Tuesday 26 April 2016

Turbocompounding spreads its wings to Mack

Turbocompounding, developed by Volvo Powertrain, is finding more applications within the group as Mack Trucks unveils its new product lineup for 2017.
Mack Trucks has revealed what it calls "the next step" in the evolution of its integrated powertrain by introducing its 2017 Mack MP series engines, bringing significant improvements in fuel efficiency, power and productivity, while reducing greenhouse gas emissions.
Thanks to several upgrades and enhancements, the new engines boost fuel efficiency from 2.1 to 8.8 percent compared with prior model year engines.
Mack’s 11-litre MP7 and 13-litre MP8 engines received a number of advancements for 2017, simplifying maintenance and improving efficiency and productivity.
The 2017 Mack MP8 will be available for order in April 2016, while the 2017 MP7 and MP10 engines will be available for order in July 2016. The Mack MP8 with turbo compounding will be available for order in October 2016.
Both engines feature an updated wave piston design that raises the compression ratio and enables more complete combustion of fuel, while a common-rail fuel system “more precisely injects fuel”. Combined with a two-speed coolant pump, these features help increase MP7 fuel efficiency by up to 5.1 per cent and MP8 fuel efficiency by up to 5 per cent. And the new MP8 is 20kg lighter than the outgoing design.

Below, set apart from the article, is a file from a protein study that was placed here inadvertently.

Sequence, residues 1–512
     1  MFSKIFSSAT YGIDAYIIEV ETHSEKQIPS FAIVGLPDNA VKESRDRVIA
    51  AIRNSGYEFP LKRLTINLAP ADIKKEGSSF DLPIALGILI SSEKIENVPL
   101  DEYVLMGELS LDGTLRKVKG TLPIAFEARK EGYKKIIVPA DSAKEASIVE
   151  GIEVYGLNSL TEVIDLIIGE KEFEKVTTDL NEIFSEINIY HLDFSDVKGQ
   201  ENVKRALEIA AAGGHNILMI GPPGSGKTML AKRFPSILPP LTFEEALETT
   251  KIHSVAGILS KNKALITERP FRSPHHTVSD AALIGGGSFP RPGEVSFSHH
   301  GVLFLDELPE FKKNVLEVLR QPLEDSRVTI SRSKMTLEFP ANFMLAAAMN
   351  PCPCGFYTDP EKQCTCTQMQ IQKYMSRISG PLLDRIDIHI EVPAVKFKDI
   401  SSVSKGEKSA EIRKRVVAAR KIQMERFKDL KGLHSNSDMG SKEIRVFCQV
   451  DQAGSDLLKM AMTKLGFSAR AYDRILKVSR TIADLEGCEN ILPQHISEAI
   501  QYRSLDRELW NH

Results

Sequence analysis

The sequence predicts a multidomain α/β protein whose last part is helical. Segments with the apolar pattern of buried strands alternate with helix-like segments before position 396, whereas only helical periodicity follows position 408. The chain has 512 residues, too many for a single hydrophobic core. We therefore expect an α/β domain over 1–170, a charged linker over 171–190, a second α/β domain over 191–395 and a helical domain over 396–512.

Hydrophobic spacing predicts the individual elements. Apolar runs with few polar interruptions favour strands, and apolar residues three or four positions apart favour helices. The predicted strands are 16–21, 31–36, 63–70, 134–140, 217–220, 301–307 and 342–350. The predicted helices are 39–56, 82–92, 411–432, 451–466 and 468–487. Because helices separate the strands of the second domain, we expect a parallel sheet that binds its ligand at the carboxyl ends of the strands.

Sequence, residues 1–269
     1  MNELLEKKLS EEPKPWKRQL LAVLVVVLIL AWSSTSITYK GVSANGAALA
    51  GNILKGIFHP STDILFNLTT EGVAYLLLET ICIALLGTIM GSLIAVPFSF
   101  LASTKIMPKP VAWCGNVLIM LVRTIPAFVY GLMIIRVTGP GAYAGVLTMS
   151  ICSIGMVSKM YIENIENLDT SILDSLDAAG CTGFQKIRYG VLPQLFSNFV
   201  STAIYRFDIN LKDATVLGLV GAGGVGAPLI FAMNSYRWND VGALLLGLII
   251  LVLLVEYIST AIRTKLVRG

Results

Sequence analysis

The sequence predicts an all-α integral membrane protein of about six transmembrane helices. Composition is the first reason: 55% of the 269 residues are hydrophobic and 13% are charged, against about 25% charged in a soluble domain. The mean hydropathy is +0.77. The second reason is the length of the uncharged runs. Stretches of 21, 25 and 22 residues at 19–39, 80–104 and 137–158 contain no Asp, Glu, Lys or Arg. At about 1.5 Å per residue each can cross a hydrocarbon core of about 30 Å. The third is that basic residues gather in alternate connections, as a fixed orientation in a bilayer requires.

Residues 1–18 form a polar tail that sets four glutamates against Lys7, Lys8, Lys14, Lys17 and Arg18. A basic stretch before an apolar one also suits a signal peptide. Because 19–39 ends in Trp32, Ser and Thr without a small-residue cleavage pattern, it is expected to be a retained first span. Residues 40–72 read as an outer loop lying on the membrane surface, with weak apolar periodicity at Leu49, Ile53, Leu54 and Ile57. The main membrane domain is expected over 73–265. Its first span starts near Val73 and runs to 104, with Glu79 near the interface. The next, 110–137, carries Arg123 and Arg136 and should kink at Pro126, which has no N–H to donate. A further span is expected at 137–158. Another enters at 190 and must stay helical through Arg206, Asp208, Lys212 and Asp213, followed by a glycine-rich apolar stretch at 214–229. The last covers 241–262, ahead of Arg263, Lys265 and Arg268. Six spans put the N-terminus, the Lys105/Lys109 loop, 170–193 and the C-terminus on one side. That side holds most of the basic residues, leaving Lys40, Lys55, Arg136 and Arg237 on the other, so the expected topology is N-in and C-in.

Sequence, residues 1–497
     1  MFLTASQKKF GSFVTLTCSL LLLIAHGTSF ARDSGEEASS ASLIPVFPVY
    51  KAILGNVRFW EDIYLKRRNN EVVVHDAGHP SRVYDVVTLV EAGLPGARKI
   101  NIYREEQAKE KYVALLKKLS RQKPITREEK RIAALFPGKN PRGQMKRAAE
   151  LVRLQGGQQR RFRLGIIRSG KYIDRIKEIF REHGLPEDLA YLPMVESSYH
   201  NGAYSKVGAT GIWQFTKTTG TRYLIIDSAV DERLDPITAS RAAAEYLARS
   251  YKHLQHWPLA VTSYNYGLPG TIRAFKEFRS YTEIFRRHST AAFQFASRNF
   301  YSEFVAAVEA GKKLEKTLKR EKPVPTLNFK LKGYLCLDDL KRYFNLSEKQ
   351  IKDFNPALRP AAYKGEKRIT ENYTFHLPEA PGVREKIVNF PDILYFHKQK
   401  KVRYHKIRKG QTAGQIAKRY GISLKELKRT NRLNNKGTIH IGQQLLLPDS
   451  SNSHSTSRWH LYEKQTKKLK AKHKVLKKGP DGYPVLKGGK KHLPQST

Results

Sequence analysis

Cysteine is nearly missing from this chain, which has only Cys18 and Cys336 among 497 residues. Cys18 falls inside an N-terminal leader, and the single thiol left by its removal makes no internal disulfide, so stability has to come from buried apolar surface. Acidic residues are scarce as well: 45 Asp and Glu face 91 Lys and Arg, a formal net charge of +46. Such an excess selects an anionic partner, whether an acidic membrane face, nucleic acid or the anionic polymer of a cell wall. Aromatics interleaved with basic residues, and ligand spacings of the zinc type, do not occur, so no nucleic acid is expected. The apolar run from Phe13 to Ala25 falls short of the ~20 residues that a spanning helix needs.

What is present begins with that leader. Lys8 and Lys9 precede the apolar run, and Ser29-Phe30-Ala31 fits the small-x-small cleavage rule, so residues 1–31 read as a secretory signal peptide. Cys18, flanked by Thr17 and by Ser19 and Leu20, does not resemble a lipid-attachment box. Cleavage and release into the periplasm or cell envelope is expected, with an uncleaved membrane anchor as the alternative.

A number of additional improvements were made to both engines, including a new two-piece valve cover, shimless rockers and a low-pressure fuel system with an enhanced, integrated aftertreatment dosing module to reduce maintenance needs.
An updated, double-walled EGR flow sensor helps reduce condensation and soot buildup in cold weather, while a new intake throttle enables a faster warmup when the engine is started.

                              Weight-sensitive applications

“In addition to efficiency and maintenance improvements, we’re also delivering more power,” said Stu Russoli, Mack highway and powertrain products marketing manager. “With a new 425 bhp rating, the 2017 MP7 offers 13-liter power in a lightweight, efficient 11-liter package ideal for weight sensitive applications.”
For customers with long-haul applications, Mack will offer the 2017 MP8 engine with a turbo compounding system engineered to give customers a “no-compromise” increase in power and efficiency. Turbo compounding converts waste energy from the exhaust into mechanical energy that is fed back to the engine. The system adds up to 50 bhp (a figure claimed also by Volvo earlier this year), enabling a substantial increase of fuel efficiency of up to 8.8 percent.
The Mack MP8 with turbo compounding is available with Mack’s Super Econodyne down-speeding package. The additional power generated by the turbo compounding system allows the engine to maintain full torque as low as 900 rev/min. This not only enables a broader operating range in top gear, but also allows truckers to hold top gear longer when overtaking a hill, even with falling engine speed.
“With the current MP8, our Super Econodyne applications required a minimum top speed of around 63 miles per hour in order to stay in top gear,” explains Russoli. “Now, with turbo compounding, we can offer Super Econodyne and its fuel efficiency benefits to more customers.”
The 16-litre Mack MP10 engine, the most powerful Mack engine offered, carries over unchanged. With up to 605 bhp and 2,060 lbft torque, the MP10 comes standard in the Titan by Mack model, the ideal choice for heavy-haul, severe-duty applications.